• 07 Jul - 13 Jul, 2018
  • Shahed Sadullah
  • London Eye

The Netherlands Parliament has approved a ban on the burqa and niqab, and although the order is worded in such a way as to give the impression that this is only a partial ban relating only to places where it is deemed necessary to see a woman’s full face, in actual fact it means that women who do wear the burqa or niqab will have very few places outside their homes where they may wear it. The prohibition will, however, not ban the hijab covering the head up to the hairline, which can still continue to be worn everywhere.

The ban applies to public transport, educational institutions, health centres and hospitals and all government buildings. Although the ban does not pertain to the streets, yet police and security staff will be authorised to ask any burqa or niqab clad woman to take off the facial covering so that they may see the face. In effect, especially with women who use public transport, the ban may be seen as complete.

The number of Muslim women wearing niqab in The Netherlands is very small, perhaps a few hundred only, but the far right parties have celebrated the ban as the first victory over Islam, with one activist claiming this is the first step and that the next would be the closure of all mosques in the country. The Dutch claim that France and Belgium have even more extensive bans, and to make it all sound ‘religiously neutral’ ski masks and full face helmets have been banned as well, although no one would be mad enough to wear a ski mask and board a public bus or train.

The most likely effect of the ban will be that more women who do wear the burqa or niqab will now prefer to stay at home whereas the integration of such women into mainstream Dutch life would appear to be a leading priority.

Meanwhile, the crackdown on Islam in Austria takes a harsher turn with the government reported to be planning the shutdown of seven mosques and the expulsion of dozens of imams in a crackdown described as being against ‘political Islam’.

The country’s coalition government, formed of conservative and far-right figures, said the measures were “just the beginning” of a push against radical Islam and foreign funding of religious groups. Austria had passed a law in 2015 forbidding the foreign funding of religious groups. The country has about 600,000 Muslims, most being of Turkish descent.

And while the UK itself sits precariously on the edge of a hard Brexit, exiting the European Union with no deal and no transition period which will have catastrophic implications for trade, commerce, security, diplomatic relations, banking and a lot more, affecting the lives of everyone, the country is embroiled in a controversy concerning Meghan Markle, the newly wedded wife of Prince Harry, images of whose fairy-tale wedding are still fresh in most minds.

It appears that there is a particular way in which ladies are required to sit in the presence of Her Britannic Majesty, the Queen. Older women usually sit as straight as they can manage, with their legs also straight and close to each other. More recently, the style known as the ‘Duchess slant’ has been favoured with the late Princess Diana and now her daughter-in-law, Kate Middleton, the wife of Princess Diana’s elder son Prince William, favouring this posture. It requires the legs to be positioned at a slant and crossed at the ankles, combining gracefully both chic and formal respect for Her Majesty. Meghan Markle, not perhaps yet schooled in all the details, has been photographed in the presence of the Queen sitting with her legs crossed at the knees and then with one leg tucked under the other or, worse still hanging loosely in front, giving a picture of casual informality. This has not gone down well with many members of the public, mindful of any affront directed at the Queen, no matter however unwittingly. Articles have been written about it in the tabloid press and a discussion has started with fevered public involvement.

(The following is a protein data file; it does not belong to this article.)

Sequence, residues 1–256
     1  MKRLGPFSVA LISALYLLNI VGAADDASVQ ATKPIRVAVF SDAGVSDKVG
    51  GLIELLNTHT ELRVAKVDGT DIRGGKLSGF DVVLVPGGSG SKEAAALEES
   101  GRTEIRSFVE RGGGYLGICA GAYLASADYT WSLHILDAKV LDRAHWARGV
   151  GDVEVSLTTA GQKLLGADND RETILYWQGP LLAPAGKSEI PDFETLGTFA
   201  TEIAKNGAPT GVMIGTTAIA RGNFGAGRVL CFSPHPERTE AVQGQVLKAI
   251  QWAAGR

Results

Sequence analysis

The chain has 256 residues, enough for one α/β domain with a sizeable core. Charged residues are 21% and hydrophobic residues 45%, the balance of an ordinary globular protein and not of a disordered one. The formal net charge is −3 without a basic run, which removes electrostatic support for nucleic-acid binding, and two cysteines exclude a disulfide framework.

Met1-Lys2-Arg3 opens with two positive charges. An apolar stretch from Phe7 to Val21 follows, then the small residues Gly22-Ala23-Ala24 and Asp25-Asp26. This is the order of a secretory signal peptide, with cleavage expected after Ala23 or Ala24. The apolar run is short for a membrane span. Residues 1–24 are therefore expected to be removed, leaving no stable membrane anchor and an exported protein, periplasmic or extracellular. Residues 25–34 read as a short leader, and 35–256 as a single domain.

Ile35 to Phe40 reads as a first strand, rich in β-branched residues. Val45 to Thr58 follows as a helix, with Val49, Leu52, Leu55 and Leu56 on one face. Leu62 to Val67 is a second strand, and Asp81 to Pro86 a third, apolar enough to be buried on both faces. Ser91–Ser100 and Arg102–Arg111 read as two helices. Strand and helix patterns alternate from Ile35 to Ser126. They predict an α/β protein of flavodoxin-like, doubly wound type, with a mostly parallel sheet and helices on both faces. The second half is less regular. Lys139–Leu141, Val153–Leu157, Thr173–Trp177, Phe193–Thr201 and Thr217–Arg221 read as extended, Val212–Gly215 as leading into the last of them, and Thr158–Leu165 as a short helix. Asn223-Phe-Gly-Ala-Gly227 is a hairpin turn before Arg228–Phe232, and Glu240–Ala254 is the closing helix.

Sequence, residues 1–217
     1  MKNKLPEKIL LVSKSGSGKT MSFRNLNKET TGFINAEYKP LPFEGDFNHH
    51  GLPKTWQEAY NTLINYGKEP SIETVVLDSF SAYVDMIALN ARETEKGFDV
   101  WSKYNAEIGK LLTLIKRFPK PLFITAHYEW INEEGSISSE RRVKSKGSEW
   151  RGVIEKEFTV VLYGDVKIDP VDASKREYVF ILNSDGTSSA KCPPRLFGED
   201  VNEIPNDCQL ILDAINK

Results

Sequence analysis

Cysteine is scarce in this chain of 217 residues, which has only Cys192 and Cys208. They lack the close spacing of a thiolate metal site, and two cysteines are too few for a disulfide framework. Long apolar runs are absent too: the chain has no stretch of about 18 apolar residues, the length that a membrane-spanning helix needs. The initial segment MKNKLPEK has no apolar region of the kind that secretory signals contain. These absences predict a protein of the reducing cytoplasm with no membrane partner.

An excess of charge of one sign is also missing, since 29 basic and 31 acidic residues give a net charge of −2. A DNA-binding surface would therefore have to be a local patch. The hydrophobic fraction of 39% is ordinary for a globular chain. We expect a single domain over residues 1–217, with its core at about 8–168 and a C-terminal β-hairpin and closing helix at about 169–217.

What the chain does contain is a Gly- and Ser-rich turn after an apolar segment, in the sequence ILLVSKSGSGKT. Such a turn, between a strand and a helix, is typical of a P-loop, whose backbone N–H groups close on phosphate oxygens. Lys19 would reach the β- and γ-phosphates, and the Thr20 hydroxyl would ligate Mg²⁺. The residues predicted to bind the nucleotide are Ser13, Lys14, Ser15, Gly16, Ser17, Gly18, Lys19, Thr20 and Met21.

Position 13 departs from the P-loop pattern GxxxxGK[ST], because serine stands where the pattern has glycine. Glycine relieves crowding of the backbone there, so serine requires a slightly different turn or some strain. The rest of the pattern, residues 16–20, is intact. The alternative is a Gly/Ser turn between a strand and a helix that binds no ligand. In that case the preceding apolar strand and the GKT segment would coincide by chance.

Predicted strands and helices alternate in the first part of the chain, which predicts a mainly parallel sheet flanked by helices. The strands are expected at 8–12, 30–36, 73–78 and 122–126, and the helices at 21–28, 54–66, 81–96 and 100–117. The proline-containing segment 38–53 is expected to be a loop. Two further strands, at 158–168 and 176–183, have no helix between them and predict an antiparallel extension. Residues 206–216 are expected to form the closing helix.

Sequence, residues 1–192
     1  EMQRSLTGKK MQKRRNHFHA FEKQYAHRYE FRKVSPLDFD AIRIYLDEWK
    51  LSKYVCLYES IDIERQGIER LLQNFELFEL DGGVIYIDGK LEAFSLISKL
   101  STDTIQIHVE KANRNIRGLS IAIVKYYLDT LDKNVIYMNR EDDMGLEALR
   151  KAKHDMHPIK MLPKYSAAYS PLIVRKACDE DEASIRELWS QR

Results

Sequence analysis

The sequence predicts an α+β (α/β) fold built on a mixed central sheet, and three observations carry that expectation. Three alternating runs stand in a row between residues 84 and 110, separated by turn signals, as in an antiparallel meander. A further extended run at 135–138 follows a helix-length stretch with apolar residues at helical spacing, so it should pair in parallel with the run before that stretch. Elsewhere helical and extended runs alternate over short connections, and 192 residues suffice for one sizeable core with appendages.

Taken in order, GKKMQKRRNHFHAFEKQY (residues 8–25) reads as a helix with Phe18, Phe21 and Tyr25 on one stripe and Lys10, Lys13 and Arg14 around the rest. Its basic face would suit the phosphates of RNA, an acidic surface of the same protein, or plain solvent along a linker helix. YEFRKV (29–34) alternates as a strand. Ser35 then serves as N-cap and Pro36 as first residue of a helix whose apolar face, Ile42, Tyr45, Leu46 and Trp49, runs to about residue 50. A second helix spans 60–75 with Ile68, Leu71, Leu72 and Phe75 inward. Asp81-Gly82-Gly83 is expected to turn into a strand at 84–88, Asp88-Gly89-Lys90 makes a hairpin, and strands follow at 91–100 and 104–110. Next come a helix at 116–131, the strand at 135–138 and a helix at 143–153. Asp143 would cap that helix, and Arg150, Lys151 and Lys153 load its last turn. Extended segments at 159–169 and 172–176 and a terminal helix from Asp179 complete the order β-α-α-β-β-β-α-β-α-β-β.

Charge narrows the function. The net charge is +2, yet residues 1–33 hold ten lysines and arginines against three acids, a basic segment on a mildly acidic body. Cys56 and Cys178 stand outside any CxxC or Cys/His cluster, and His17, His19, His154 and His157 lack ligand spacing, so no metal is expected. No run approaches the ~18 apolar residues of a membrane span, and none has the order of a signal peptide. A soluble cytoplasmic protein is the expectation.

If this leaves you speechless about the priorities of a nation, rest assured you are not alone. While many are concerned with the way Meghan Markle sits in the presence of the Queen, business and union chiefs have issued one of the most serious warnings to date about the consequences of a hard Brexit. During a top level moot in Brussels, the Prime Minister Theresa May tried to divert attention from the actual issues at hand to the security issue, complaining that the EU attitude (the EU have said that in case of a hard Brexit, all security co-operation would cease) towards security amounts to playing with the lives of many, both EU and UK citizens. The EU leaders have pointed out that all that could be discussed if and when the UK tells the EU what it wants. And here is the crux for Mrs May’s Tory cabinet cannot come to any agreement on that, with views swinging from the sensible to the lunatic extreme. The Prime Minister will be holding a head banging meeting at her country retreat soon, but it seems at the moment that the lunatics have it. There is no solution even distantly visible on the question of the Irish border and unless that happens, the talks with the EU will go nowhere. But we have more important things to think about including how Ms Markle chooses to sit in the presence of the Queen, the successor to the Empire which, once upon a time, stretched from one corner of the world to the other. •